Created by Tony Basgallop, a British veteran best known on this side of the Atlantic for creating the M. Night Shyamalan-produced series Servant, The Consultant is as fast paced as it is darkly comic, mixing corporate satire and moral dilemmas and letting it all play out in a glass-and-screen-filled office that, by the time the series gets going, looks like a nightmarish twist on the headquarters of Mythic Quest. At once clever and ridiculous, its 30-minute installments play out like chapters in a slick page-turner.

The series makes a couple smart choices. For one, its protagonists — Craig, Elaine, and, on the margins of the action at first, Craig's pious girlfriend Patti (Aimee Carrero) — are all good people, but they're not that good. Though they suspect Patoff has sinister intentions and are creeped out by his behavior, they also see an upside to his arrival. For starters, the paychecks start showing up again. Beyond that, Craig finally gets one of his game ideas through the pipeline, and Elaine sees a chance to move up the corporate ladder. (Her past role as Sang's assistant transforms into "Creative Liaison," a title of her own invention but one no one questions under Patoff's leadership.) 

Even when they witness some potentially felonious behavior, like an evening Craig spends with Patoff that ends with some criminal actions that are hard to explain away, Craig remains on board. Sure, it might mean making a deal with the devil (metaphorically, probably), but maybe it's one that will work out for them in the end.

Brittany O'Grady and Nat Wolff, The Consultant

Brittany O'Grady and Nat Wolff, The Consultant

Michael Desmond/ Prime Video

The other smart choice, of course, is Waltz, who's cast in a role that fully exploits his unique presence, from his easy smile to the delicate, carefully enunciated delivery of his dialogue. (That Waltz serves as executive producer probably doesn't hurt.) Waltz can make Patoff trying, and failing, to play a video game hilarious without really doing that much, just as he can give a line like "You can't please all the people all of the time" a menacing spin, however benign the context, or invest a lot of meaning in the fully punctuated pause he places before ending a sentence with the name of the person he's addressing. ("You're having a panic attack. Craig." Etc.)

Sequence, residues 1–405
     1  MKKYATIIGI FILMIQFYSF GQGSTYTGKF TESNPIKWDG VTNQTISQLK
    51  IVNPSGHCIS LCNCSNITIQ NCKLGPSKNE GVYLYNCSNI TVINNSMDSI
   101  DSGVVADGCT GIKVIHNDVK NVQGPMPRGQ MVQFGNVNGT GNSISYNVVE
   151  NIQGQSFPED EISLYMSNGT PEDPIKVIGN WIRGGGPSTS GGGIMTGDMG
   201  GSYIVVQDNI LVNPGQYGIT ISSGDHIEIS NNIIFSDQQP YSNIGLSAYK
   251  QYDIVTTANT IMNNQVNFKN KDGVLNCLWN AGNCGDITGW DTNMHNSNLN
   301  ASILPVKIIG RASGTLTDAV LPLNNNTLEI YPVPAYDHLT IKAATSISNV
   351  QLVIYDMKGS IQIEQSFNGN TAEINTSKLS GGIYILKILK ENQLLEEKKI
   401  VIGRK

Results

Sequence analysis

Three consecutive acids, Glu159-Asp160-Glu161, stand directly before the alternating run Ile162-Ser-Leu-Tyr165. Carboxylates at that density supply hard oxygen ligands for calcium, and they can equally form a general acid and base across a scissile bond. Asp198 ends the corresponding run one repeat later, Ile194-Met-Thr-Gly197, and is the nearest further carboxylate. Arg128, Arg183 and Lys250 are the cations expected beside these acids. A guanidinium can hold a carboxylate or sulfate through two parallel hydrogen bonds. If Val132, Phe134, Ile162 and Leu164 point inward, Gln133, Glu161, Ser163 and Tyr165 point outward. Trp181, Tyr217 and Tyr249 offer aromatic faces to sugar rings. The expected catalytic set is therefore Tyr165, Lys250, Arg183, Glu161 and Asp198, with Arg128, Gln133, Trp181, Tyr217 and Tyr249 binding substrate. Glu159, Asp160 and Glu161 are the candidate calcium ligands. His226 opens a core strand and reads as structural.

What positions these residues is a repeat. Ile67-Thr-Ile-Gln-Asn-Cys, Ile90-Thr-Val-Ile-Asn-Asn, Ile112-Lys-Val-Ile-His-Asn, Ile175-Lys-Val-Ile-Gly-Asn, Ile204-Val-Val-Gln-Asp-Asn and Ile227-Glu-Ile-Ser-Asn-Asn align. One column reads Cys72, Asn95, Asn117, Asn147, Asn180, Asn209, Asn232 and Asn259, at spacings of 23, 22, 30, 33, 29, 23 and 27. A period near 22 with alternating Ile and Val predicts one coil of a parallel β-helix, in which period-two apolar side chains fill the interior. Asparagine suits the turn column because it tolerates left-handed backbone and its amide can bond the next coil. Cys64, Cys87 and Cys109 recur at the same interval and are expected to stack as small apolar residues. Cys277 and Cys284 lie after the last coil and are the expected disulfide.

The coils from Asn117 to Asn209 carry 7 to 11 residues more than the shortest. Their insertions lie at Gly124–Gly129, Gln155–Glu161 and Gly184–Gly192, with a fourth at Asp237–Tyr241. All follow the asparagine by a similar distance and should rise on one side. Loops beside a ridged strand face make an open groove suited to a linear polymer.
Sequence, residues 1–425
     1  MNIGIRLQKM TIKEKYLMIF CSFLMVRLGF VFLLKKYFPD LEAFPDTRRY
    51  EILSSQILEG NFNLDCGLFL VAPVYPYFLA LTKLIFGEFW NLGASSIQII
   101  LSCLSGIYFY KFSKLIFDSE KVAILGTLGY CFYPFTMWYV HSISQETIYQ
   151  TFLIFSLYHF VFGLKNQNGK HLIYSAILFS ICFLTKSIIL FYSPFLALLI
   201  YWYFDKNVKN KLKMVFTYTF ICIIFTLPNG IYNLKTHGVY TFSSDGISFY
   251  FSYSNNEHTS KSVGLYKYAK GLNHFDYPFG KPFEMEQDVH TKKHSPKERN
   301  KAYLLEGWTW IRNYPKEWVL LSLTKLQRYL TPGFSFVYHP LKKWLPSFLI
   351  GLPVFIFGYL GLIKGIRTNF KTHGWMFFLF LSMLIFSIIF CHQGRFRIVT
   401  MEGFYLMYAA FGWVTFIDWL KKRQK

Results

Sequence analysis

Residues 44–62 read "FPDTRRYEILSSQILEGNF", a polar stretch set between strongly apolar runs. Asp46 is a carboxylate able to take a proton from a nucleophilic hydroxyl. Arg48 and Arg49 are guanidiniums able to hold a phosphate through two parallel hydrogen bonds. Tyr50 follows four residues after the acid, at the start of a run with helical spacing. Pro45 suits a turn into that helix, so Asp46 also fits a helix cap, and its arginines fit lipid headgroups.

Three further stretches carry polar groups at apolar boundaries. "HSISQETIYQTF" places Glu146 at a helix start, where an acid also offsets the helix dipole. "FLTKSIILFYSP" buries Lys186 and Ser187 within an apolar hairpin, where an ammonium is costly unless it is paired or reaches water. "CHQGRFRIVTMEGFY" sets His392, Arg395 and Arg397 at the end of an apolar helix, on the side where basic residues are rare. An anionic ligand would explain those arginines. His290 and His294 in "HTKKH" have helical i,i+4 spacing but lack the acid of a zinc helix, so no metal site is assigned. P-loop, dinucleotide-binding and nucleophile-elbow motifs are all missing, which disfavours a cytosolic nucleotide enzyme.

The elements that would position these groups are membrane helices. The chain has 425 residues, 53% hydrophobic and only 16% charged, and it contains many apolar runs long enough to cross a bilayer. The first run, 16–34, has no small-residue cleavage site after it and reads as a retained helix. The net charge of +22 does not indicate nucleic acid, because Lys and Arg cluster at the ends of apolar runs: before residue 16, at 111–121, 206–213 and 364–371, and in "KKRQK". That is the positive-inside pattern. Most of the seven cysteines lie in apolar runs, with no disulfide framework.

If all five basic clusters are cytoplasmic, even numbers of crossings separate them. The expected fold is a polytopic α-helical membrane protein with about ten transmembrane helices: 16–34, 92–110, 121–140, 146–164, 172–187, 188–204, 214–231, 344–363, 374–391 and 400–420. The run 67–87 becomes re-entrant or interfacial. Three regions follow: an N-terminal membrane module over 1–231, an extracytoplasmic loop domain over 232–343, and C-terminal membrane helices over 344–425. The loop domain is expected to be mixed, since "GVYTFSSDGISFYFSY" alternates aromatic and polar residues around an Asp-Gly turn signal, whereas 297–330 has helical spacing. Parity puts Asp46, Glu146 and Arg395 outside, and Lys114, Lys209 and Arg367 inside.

It would be worth tuning in just to watch him, even if the series didn't whip so skillfully from one bizarre revelation to the next as its characters tried to figure out just how far they can follow the new boss and still sleep at night. (Assuming, that is, he doesn't do them in as they try to make up their mind.) The only downside: It all builds to a good-enough conclusion that would work reasonably well as the story's end but leaves a lot of threads dangling (undoubtedly to leave places for future seasons to go) and can't help but feel a little anticlimactic because of it. With luck The Consultant will have future seasons to make up for it.

Premieres: Friday, Feb. 24 on Prime Video
Who's in it: Christoph Waltz, Brittany O'Grady, Nat Wolff, Aimee Carrero
Who's behind it: Tony Basgallop (creator)
For fans of: Corporate dramas, twisty thrillers, The Twilight Zone
How many episodes we watched: 8 of 8